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William Frederick “Buffalo Bill” Cody

Cody decided to take time off from scouting in 1872 to visit the East and check out the possibilities of performing in a “wild west” show as proposed by showman Colonel E. B. C. Judson, otherwise known as Ned Buntline, a famed fiction novelist of the day.

Buntline used Cody as the principal character in a number of sensational novels— the first in 1869 (Buffalo Bill, the King of the Border Men, first of more than 550 different dime novels about Buffalo Bill).

Cody decided to return to the cavalry. During that summer and fall, Ned Buntline continued urging Bill to “come East and go upon the stage to represent his own character. There’s money in it,” Buntline wrote, ” and you will prove a big card, as your character is a novelty on the stage.”

Bill remained undecided as to what to do. The officers at the fort, as well as family and friends laughed at the idea of Cody becoming an actor. In the autumn of 1872, he was elected to the Nebraska Legislature from the 26th District, but he resigned after three weeks, saying, “it was only fooling away time to make laws that nobody obeyed.”

Sensing a time to make a change for himself and his family, he agreed to join Buntline in a theatrical venture. Picking up Texas Jack Omohundro, he went to Chicago where they met Buntline in early December. “The Scouts of the Prairie” was a hit. The play traveled to St. Louis the following week, and afterwards to Cincinnati, New York, and Philadelphia, playing to crowded houses everywhere.

After the close of the season, Cody and Texas Jack were not satisfied with the settlement of the financial affairs of the first season, and they parted ways with Buntline. In 1873, they reorganized a new theatrical company with Wild Bill Hickok as an additional attraction. Bill remained the greater part of the season, but when Wild Bill amused himself by shooting blanks at the supers’ feet, Cody protested and Hickok quit. The next season, Texas Jack was absent from the company, but in 1875-76, he and Cody were again together on stage.

In the summer of 1876, after the close of the season, Cody joined his old regiment, the Fifth Cavalry, as guide and chief of scouts, during the Sioux War in the Powder River and Black Hills country.

That fall Cody was back on stage with a new play, “Life on the Border,” and brought Captain Jack Crawford aboard as one of the attractions. Cody also asked a number of Sioux Indians to accompany him on his theatrical tour in 1877-78, which opened at the Bowery Theatre in New York.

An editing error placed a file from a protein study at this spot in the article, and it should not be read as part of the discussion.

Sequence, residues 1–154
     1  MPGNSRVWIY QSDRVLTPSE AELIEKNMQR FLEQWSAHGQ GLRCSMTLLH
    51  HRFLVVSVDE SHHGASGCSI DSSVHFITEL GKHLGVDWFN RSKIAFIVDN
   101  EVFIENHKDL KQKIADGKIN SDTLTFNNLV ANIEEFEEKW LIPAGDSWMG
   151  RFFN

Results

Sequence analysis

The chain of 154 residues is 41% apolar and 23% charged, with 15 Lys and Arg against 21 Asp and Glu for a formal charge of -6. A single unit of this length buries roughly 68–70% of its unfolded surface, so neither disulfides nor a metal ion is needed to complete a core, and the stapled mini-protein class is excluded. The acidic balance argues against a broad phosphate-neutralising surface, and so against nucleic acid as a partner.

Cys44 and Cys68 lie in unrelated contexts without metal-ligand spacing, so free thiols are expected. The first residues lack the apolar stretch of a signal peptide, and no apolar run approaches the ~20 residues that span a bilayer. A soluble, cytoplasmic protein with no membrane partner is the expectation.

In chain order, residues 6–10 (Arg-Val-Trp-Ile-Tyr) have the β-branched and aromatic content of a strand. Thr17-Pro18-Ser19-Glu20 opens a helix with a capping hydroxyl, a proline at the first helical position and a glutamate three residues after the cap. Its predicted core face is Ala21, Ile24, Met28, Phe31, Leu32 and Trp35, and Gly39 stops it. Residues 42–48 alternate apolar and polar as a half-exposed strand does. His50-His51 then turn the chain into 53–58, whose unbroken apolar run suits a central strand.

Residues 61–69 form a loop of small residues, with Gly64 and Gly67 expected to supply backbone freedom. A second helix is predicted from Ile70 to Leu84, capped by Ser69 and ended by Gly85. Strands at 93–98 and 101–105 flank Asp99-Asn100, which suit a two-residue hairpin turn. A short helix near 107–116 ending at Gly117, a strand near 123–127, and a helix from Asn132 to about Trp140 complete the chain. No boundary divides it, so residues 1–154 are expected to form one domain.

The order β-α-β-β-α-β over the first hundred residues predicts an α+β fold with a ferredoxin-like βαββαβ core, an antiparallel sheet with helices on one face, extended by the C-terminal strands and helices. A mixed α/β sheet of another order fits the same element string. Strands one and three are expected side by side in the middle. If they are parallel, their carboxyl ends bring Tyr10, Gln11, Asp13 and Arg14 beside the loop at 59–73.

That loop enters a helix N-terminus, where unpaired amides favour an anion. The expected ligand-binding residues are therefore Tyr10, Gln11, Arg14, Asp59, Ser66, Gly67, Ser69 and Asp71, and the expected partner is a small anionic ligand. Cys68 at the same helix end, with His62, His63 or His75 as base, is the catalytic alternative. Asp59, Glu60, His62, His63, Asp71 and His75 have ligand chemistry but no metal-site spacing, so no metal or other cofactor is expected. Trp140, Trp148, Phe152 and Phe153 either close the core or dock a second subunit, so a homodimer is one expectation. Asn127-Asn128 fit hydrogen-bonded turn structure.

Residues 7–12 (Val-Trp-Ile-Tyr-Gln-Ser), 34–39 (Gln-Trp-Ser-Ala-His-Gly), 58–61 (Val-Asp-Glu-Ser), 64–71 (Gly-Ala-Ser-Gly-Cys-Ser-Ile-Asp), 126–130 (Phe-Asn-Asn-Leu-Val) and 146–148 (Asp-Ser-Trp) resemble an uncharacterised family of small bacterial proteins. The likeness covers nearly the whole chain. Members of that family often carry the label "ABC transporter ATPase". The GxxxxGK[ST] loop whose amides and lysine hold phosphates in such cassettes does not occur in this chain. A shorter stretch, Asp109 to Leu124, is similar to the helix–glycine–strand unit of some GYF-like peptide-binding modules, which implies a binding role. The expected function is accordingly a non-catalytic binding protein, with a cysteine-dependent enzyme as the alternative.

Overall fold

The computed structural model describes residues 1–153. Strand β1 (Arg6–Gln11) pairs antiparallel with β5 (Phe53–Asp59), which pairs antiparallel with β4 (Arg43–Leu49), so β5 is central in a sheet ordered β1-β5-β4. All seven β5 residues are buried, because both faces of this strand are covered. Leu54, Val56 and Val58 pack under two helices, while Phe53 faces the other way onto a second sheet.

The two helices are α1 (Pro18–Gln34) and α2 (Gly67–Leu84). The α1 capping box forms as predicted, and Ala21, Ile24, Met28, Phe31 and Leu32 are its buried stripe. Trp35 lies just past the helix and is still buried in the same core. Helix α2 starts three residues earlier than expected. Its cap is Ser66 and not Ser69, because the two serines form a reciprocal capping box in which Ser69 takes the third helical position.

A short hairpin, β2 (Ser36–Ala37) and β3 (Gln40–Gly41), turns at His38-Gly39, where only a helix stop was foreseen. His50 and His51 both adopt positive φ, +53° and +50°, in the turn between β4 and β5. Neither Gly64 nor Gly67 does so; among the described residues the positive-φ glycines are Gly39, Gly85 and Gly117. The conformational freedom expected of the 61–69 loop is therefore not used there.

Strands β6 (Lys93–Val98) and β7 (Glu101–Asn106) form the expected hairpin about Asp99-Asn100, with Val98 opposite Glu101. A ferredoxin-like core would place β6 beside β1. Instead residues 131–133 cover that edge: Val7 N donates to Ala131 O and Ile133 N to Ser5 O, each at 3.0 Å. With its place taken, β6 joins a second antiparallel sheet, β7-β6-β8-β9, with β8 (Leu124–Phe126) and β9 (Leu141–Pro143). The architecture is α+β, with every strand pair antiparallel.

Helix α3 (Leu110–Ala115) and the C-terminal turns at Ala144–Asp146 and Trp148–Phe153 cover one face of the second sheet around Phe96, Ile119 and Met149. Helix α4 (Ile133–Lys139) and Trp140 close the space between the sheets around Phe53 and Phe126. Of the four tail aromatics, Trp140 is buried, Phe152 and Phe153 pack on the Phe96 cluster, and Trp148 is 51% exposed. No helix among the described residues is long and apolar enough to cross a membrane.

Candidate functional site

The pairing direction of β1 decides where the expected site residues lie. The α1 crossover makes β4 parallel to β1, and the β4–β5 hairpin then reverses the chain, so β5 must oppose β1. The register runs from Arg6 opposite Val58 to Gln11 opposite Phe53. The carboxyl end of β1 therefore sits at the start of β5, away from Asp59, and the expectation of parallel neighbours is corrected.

After the close of the 1882 season Cody organized his famous “Wild West, Rocky Mountain, and Prairie Exhibition” show, similar to the one attempted by Bill Hickok in 1870. The new extravaganza opened to over 8,000 people in Omaha on May 17, 1883. Over the course of the next two decades, Buffalo Bill’s incredible Wild West Show played in thousands of cities and towns across the United States, and toured in Europe three times. This was the first truly successful mass entertainment of this type. The master showman introduced the wider public to wild buffalo, wild Indians, wild cowboys, and in one of his greatest successes, a wild cowgirl in the person of “little sure shot” Annie Oakley. Cody’s friend Sioux chief Sitting Bull traveled with the show during the 1885-86 season.

At the time of the Columbian Exposition in Chicago in 1893, Cody’s Wild West Show was located nearby. One of the means used to publicize the exposition was a horse race from Chadron, Nebraska, to Chicago. Buffalo Bill and a small crowd greeted the winner of the race, John Berry, and Cody added $500 to the original prize money Berry received.

Cody and Frank North started a cattle ranch sixty-five miles north of North Platte, Nebraska, and during the summers, he spent part of his time there. This was the first ranch with headquarters north of the Platte River valley in the Sandhills region. Later Cody developed Scout’s Rest Ranch near North Platte – now designated as a state historical park.

Beyond the Wild West Show, Cody’s most significant project was that of developing the town of Cody, Wyoming. In Cody’s scouting days, he grew enamored of the land in Bighorn Basin. Cody provided all of the furnishings for the nearby Sheridan Inn Hotel opened in Sheridan, Wyoming, in June of 1893 (The hotel was built by the Burlington & Missouri River Railroad and the Sheridan Land Company at a cost of $25,000 to service the new railroad across the street).

In 1895, Cody began to establish his perfect town across the Bighorn Mountains from Sheridan, with his approach to civic development similar to creating a Wild West Show. He imagined a utopian western metropolis where old west values and modern technology would coexist in a new “White City.”

Cody’s quest of his ideal was impressive. When his initial efforts to raise the two million dollars necessary for irrigation of the land using the Shoshone River failed, he went to his friend Teddy Roosevelt for support. By 1904, the Department of Interior initiated the Shoshone Reclamation Act, and by 1910, two dams were in operation, and 16,200 acres were under irrigation. He was also quite instrumental in developing the tourism trade into nearby Yellowstone National Park.

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